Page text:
West Nile And The Late-Summer Swarm

Sept. 7, 2010, 9:22 a.m.

By Kendall Walters - Kamloops This Week

Though the massive swarms of mosquitoes seem to have died down by this point in the summer, now is the time to be diligent in preventing bites from the pesky insects.

This month, a crow in Kelowna tested positive for West Nile Virus.

It is the first time in B.C. a crow has tested positive and it’s the farthest north West Nile has been detected.

Last year the virus only got as far as the south Okanagan.

“That’s about 100 kilometres closer than we were expecting this year,” said Cheryl Phippen, owner of BWP consulting, which has the Kamloops mosquito-control contract this year.

Phippen said people need to be on guard against mosquito bites right now as the species of mosquito able to carry and transmit West Nile is out in large numbers.

“This is when they peak,” Phippen said. “Early to mid-August is when they’re at their highest numbers.”

According to Phippen, the mosquitoes out in early summer, swarming in large groups, are a different variety, which, after biting once, die.

This means they are unable to transmit the disease.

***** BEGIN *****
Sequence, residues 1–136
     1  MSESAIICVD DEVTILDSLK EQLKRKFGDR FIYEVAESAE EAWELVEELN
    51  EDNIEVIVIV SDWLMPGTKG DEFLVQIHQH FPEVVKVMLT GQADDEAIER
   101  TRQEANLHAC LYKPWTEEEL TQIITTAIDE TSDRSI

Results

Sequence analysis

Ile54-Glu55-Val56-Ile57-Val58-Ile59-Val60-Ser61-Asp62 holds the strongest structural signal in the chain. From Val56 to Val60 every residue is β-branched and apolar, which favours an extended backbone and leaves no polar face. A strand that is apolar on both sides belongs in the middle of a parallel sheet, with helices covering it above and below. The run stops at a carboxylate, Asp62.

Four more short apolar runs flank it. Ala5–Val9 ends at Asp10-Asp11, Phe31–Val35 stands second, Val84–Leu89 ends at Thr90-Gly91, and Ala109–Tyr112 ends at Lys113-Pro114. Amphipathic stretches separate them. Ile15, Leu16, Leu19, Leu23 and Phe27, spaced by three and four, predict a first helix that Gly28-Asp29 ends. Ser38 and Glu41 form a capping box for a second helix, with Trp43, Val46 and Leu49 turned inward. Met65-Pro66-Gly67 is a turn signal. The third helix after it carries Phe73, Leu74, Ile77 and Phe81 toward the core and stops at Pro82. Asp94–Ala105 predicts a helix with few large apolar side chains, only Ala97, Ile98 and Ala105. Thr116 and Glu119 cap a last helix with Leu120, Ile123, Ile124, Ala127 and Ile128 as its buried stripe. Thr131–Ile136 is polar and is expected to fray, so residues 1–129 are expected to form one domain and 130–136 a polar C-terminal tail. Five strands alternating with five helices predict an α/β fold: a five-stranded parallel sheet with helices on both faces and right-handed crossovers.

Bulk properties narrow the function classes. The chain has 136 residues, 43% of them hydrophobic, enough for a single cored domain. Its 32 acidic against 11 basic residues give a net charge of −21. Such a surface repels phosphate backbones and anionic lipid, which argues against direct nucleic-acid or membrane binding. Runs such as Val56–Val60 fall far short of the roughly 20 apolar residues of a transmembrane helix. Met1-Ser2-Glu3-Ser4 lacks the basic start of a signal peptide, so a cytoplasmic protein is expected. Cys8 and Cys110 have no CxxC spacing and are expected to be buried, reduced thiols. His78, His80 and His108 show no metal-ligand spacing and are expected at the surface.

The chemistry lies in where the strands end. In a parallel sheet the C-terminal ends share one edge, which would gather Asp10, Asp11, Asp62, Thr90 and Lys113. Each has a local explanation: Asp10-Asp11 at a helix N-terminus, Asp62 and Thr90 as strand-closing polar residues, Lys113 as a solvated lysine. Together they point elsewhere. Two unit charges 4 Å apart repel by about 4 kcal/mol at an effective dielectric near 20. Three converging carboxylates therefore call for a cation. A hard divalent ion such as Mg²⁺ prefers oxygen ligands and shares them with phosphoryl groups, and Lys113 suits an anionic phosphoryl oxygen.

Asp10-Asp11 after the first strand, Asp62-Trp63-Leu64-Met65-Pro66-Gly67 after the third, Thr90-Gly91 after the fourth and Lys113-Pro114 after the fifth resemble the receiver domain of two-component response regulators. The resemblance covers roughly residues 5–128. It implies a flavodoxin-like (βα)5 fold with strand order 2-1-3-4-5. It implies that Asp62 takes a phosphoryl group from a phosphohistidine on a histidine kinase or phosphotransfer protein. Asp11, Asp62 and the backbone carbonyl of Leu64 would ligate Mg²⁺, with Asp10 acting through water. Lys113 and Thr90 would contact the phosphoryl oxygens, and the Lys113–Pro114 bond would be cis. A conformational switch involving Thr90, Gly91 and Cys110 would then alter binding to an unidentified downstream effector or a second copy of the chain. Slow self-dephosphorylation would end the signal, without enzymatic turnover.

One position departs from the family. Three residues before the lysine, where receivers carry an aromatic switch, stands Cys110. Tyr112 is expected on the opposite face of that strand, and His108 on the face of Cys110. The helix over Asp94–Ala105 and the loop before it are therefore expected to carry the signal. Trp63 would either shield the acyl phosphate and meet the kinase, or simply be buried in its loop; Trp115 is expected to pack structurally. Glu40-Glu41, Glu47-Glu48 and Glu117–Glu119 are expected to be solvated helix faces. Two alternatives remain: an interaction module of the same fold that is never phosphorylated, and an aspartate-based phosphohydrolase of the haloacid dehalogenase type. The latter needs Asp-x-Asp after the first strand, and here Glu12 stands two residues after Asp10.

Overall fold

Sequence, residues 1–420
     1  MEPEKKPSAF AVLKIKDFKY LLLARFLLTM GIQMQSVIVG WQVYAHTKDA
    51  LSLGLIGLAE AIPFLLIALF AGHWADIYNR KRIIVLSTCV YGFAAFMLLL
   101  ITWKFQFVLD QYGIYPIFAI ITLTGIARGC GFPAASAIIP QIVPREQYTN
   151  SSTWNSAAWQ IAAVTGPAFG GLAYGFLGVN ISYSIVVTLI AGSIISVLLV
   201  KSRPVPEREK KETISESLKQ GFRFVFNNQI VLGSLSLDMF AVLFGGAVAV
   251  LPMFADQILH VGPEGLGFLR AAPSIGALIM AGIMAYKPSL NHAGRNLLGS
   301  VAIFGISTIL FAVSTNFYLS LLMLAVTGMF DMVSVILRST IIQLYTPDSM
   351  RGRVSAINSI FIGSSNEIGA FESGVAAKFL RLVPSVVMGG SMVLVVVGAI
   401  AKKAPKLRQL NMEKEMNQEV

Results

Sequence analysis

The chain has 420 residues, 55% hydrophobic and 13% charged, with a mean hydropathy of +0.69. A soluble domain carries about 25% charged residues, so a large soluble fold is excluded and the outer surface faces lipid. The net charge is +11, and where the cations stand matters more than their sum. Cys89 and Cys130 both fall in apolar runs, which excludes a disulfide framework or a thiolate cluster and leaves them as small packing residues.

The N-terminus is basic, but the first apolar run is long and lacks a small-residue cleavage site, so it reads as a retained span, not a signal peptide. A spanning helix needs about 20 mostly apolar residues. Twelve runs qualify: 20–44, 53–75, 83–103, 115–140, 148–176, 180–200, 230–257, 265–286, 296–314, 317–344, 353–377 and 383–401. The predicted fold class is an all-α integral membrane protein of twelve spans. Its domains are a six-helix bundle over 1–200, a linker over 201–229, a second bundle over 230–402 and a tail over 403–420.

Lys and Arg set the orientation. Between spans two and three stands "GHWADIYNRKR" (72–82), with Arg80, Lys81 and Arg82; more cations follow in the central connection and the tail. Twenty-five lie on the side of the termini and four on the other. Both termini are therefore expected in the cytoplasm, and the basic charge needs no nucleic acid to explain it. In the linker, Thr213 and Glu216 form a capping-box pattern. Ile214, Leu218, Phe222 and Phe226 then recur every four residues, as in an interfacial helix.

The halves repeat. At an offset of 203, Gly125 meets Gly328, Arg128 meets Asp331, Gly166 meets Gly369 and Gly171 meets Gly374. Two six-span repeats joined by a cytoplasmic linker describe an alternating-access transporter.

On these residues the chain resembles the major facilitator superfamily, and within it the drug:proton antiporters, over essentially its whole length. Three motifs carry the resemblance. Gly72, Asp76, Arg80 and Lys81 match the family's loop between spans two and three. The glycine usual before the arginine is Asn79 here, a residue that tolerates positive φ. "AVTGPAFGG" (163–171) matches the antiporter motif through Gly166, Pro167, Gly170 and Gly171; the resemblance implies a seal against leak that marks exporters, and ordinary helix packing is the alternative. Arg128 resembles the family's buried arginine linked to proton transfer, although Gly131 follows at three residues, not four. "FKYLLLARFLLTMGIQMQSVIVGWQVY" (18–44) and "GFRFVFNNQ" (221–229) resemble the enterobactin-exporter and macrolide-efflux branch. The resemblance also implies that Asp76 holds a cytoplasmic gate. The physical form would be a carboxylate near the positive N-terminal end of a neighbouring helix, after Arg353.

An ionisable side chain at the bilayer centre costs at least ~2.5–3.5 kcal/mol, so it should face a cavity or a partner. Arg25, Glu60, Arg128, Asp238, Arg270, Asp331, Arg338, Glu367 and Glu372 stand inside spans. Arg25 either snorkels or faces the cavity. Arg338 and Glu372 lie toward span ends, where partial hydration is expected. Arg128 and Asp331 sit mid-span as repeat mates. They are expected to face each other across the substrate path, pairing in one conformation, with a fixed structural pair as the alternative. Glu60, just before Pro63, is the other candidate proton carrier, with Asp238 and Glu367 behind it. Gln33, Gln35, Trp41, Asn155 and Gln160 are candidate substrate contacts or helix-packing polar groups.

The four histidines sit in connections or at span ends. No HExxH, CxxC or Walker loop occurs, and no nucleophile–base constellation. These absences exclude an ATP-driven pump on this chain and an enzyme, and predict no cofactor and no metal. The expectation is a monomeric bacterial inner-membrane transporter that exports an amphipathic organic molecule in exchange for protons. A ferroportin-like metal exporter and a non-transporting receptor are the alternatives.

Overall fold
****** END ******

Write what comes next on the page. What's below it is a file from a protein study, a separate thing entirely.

However, the bugs out now, which also hatched at the beginning of the summer, are able to bite every 10 to 15 days and, consequently, have had numerous opportunities to pick up the disease.

Every time they bite, they lay more eggs. The result: the West-Nile transmitting mosquito is out in large numbers

“They have a lot of opportunities to pick up West Nile virus,” Phippen said.

“They’re at their most dangerous. Now is the time to be diligent.”

The species that can transmit the virus prefers hot, dry valley bottoms.

To prevent bites, Phippen recommends wearing insect repellent with DEET, sticking with light-coloured, loose clothing and avoiding mosquito-filled areas at dawn and dusk, when the bugs are at their most active.

She also reminds the public to make sure there’s no standing water in their yards.

“Any standing water that’s left in the city is loaded in mosquito larvae,” she said.

Phippen’s team has been treating standing water, such as catch basins and ponds, with Aquabac, a certified organic bacteria that is deadly to mosquito larvae, but harmless to everything else, including other insects.

If you have a pond, pool, plant saucers or other container of standing water, Phippen advises dumping it out.

If it’s something that cannot be dumped, the water can be treated with Aquabac, which can be purchased at garden centers.

If you come across a dead bird, report it to the Interior Health Authority West Nile Virus information line at 1-866-300-0520.

Phippen said since the report of the West Nile-positive crow in the Okanagan, reports of dead birds have spiked dramatically.

“A lot more people are reporting birds,” she said, noting the team usually receives one or two reports in a week.

“I’ve been getting 30 in a day,” she said.

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